Sreesanth made his Test debut in March 2006. Since that Test, in Nagpur, India have played 78 more. Sreesanth has played a third of those. Anyone who has followed Indian cricket over the last seven years will refuse to believe that for 52 Tests India have had three fast bowlers more skilful than Sreesanth. Yet some of Sreesanth's recent Test appearances have come thanks to lack of alternatives, or selectorial punts against all reason.
It is unlikely Sreesanth will add to his 27 caps. Twenty-seven Tests for 87 wickets at an average of 37.59. Now he is in police custody, with possibly a handcuff around the sort of wrist most bowlers would kill for. A wrist that swung the ball from leg to off beautifully - but will now, for the immediate future, be used to sign police statements.
When he was bowling well, Sreesanth was a joy to watch. That seam coming out upright, rotating backwards, landing proud, having shaped away late, and then moving away. Sometimes, for no apparent reason, it would seam back in. He has left Jacques Kallis with his body twisted into a C, trying to avoid a bouncer in vain. He has run through the best line-ups on his day. Coming back from the cold, he has made a dead Kanpur track bow down to his swing. He has been part of two World Cup-winning XIs. Rahul Dravid and Sourav Ganguly have been two of his biggest backers.
Clearly Sreesanth has been Indian cricket's biggest loss over the last seven years. Until about a day ago, though, it was a close-run thing between two questions: whether he had failed Indian cricket or whether Indian cricket had failed him. Until 2.30am on the morning of May 16, he was seen as someone who could go to South Africa at the end of the year, so thin are India's fast-bowling resources. Then the news of the alleged spot-fixing struck.
Sreesanth has a history with controversy. He is perhaps the only man in this modern PR-driven all-is-well world to have been chided in public by his own team-mates. When he got into a recurring verbal duel with Graeme Smith in South Africa, Sreesanth was left to fend for himself. MS Dhoni, his captain, departed from usual practice and criticised his team-mate, saying taking six to seven minutes for an over was not on, and that it was difficult to control Sreesanth when it came to verbal aggression. The crowd, the opposition, the captain, the umpires - Sreesanth had lost them all. To their credit, India still picked him for the World Cup that followed. In the first match of which, Virender Sehwag said at the post-match presentation that everybody did well except for Sreesanth.
In 2010, Sreesanth went to Sri Lanka, looking to make a comeback, but injured himself even before the first training session. However, some team-mates didn't buy it and believed he had hidden an injury for at least the second time in his career. "This time the board is not going to pay your airfare, you will have to hitch a ride on some ship," he was told repeatedly, even as he tried to come to terms with his own disappointment. And this was no banter between friends.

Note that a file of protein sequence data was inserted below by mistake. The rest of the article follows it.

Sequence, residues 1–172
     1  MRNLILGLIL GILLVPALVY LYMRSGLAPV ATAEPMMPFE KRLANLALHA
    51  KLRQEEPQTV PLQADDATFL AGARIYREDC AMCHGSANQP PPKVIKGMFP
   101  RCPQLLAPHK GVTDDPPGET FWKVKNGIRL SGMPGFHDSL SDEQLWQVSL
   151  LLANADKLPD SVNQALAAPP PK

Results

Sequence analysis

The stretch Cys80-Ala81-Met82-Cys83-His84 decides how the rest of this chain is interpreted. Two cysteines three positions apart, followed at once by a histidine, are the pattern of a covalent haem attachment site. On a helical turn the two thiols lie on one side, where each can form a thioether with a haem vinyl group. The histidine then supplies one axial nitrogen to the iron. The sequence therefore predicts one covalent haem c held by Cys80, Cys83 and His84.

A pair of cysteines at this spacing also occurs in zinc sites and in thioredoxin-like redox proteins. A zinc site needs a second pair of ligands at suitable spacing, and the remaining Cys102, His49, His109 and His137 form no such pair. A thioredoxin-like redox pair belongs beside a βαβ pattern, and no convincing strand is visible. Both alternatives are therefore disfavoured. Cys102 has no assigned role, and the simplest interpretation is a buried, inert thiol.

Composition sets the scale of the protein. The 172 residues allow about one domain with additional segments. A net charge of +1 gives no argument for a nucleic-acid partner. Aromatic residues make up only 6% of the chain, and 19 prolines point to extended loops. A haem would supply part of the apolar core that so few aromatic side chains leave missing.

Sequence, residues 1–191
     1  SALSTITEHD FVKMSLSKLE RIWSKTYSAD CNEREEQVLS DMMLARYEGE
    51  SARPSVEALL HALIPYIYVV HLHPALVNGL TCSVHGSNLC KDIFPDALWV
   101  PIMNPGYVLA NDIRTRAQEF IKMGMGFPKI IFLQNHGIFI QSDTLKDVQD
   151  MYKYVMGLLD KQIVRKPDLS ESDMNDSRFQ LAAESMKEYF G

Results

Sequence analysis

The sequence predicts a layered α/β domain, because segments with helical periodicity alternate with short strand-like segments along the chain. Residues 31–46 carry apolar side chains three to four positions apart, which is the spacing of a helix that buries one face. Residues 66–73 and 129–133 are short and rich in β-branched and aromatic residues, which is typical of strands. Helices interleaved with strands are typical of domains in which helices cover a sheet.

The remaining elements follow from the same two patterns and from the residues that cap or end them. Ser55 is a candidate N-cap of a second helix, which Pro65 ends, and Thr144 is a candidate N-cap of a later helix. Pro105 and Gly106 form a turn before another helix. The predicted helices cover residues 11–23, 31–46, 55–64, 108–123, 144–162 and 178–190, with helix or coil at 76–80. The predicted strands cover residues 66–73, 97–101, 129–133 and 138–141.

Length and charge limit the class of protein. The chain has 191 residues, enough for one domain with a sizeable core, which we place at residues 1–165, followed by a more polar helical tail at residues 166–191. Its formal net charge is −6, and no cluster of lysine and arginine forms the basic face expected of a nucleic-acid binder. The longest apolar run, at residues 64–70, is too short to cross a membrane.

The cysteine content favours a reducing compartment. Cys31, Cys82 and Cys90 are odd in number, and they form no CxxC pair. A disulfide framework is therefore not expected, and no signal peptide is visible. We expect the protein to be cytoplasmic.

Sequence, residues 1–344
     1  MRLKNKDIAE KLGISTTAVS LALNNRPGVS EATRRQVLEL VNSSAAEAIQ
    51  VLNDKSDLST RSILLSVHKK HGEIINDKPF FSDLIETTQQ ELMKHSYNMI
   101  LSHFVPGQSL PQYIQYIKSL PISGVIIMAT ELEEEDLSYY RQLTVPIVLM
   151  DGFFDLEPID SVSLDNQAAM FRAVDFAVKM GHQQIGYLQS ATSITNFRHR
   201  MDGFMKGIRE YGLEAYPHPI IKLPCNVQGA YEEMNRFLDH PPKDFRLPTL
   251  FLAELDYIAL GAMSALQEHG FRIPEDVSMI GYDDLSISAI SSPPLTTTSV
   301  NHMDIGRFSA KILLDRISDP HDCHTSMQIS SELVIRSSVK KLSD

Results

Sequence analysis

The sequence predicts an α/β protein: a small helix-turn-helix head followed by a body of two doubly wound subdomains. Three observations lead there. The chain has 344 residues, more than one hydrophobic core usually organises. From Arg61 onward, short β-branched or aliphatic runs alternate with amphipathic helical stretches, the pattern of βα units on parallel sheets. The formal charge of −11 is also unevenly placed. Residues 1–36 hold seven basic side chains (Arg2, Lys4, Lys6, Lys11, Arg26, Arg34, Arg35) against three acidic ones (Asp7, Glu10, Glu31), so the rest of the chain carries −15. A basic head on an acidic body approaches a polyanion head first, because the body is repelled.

You wonder if not getting the best out of a difficult character like Sreesanth has been Dhoni's biggest failure as captain. Dhoni might have critics of his tactics on the field, but most of them will agree that he has been good with the management of most of his players. He makes the assumption that a player who has made it to the India team has the required talent and maturity to be there, and lets him be.
Dhoni's captaincy starts on the field and ends there. From what we know, it seems this didn't work with Sreesanth, and Dhoni didn't go out of his way to provide that arm around the shoulder either. We don't know, though, how far Dhoni went before he gave up. Or if he had indeed given up yet.
To call Sreesanth a difficult character can sometimes be an understatement. He has bowled deliberate no-balls during a heated contest with England batsmen. He has annoyed the most patient of players and umpires. He has pushed captains over the edge with his superstitious rituals before every delivery, hurting the over rate. Sometimes at the start of his overs, the umpires have had to wait for a minute for him to hand his hat over while he finished his worship of the crease. He threatens to throw the ball at the batsman every time it is hit back to him, regardless of whether it is a solid defensive shot off an ordinary delivery with the score reading 300 for 2. And he can be awful when he is going through ordinary spells.
Sreesanth has sledged players even when not playing. His send-offs have often been the variety Dravid calls cowardly when they come from the opposition. He has been hit by an opponent, with whom he kissed and made up before coming back with allegations of a cover-up. He often refers to himself in the third person. He has been sent back unfit from at least two tours without having completed a single day's cricket. He is possibly the only Indian cricketer in recent memory to have been on "final warning" from the BCCI without corruption being involved.
We don't know if those years of frustration and idleness had anything to do with what has allegedly happened, but they can't be an excuse. We can't be judgemental of the motives or certain of his involvement. There aren't many, though, who haven't spared - while making fun of his various photos and clips from tacky dance contests, and while making Sree 420 jokes - a silent moment for a talent that didn't appreciate its own worth.